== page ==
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Our Oxfordshire architects develop a farm site to create holiday and leisure facilities

26 Feb '20

Oxfordshire architects farm site
Architectural Art Board

Last year our Oxfordshire architects shared a planned Cotswold barn conversion after approval was gained. The clients approached our team hoping to turn a large agricultural building into a substantial property to be used as a holiday let. The planners were impressed by our considerate design and building began on-site in the autumn. Our architects have now been invited back to look at further developments, helping to expand the holiday and leisure facilities.

 

Whilst the designs are as yet to pass through planning, we have on the drawing board this latest impressive holiday let, making use of the landowner’s disused outbuildings. Having already gained planning for the initial large-scale development, before we put this project to the planners it is vital that we assess the site to minimise the potential impact of further building, in terms of the visual presence. We are ensuring large landscaped areas are designed with high wildflower meadows to break up the hard structures, screen the site from the public realm and push improved biodiversity.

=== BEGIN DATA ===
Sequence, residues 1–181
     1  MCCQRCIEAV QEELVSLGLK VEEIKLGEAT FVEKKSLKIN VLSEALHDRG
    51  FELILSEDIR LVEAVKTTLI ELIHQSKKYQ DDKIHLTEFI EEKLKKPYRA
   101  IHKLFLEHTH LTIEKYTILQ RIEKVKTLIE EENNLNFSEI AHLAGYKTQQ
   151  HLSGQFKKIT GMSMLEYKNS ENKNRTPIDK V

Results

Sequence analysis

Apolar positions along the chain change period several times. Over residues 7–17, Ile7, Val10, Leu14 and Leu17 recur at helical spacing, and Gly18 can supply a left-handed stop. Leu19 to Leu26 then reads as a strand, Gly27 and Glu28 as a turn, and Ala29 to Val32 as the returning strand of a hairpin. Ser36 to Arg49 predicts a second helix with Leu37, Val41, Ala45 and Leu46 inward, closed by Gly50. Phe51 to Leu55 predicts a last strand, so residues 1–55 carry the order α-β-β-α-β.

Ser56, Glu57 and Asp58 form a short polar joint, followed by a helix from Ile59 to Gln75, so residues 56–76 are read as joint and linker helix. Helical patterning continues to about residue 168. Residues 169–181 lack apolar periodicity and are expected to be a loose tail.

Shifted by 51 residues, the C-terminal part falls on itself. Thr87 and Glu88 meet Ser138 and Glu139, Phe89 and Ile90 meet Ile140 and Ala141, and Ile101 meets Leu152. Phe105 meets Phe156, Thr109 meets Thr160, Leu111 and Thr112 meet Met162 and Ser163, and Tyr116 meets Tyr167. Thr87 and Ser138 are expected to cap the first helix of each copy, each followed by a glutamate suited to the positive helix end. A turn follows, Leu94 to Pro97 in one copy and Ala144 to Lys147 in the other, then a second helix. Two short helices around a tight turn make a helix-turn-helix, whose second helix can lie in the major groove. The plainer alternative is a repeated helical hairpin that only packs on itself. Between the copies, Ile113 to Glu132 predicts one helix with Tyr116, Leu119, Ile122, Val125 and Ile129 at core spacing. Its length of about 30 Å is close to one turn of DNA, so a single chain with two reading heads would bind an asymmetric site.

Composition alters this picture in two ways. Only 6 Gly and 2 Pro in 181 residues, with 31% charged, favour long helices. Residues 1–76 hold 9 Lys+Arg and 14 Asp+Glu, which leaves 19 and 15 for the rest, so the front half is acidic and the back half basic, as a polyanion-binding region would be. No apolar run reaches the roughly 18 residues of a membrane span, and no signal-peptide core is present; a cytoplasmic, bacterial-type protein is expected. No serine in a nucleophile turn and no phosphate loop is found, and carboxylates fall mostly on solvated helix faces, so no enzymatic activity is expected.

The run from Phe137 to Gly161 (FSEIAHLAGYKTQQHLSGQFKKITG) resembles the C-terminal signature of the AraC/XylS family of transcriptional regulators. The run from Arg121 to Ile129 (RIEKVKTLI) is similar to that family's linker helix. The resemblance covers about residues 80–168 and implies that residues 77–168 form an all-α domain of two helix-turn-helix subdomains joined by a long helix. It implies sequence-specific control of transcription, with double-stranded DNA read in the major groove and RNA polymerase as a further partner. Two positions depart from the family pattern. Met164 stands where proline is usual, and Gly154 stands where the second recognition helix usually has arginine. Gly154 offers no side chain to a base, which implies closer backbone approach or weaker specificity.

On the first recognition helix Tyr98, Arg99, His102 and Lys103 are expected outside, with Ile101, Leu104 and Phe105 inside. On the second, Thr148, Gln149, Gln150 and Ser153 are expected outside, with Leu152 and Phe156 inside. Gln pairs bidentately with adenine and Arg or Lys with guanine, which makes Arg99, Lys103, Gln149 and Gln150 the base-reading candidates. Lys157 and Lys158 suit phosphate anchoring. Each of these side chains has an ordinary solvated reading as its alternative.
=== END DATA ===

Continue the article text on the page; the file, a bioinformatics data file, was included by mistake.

Externally, any further structures will appear minimalistic and uniform in appearance, with smaller slit windows to help improve privacy within the development. Initially, using one of the outbuildings as a spa was discussed, with dark lines and selective lighting to evoke the senses, however, the clients are now considering replacing the leisure barn with a third holiday let.

 

Internally, the layout of the scheme works with the orientation of the bedrooms, positioned to the north and western sides to allow prominent views. Our current design is single storey, with three bedrooms, each with an ensuite bathroom. There may be scope to allow a mezzanine space, however, detailed surveys would be required to gauge how this space may be best used. Emphasis will be placed on the open plan living area and we feel it is important to think outside the box, providing guests with surprise and intrigue using features they may not be familiar with, such as glazed corners, louvered cladding concealing glass behind or large scale natural focal points. Whilst a two-storey option has been discussed on a similar footprint to the single storey, it is felt it may not pass planning, given the size of the Dutch barn already on site.

 

We will, of course, keep you up-to-date with the further development on-site and look forward to sharing planning news in the future.

 

Do you have outbuildings that you would like to make better use of? Why not contact our Oxfordshire architects to discuss?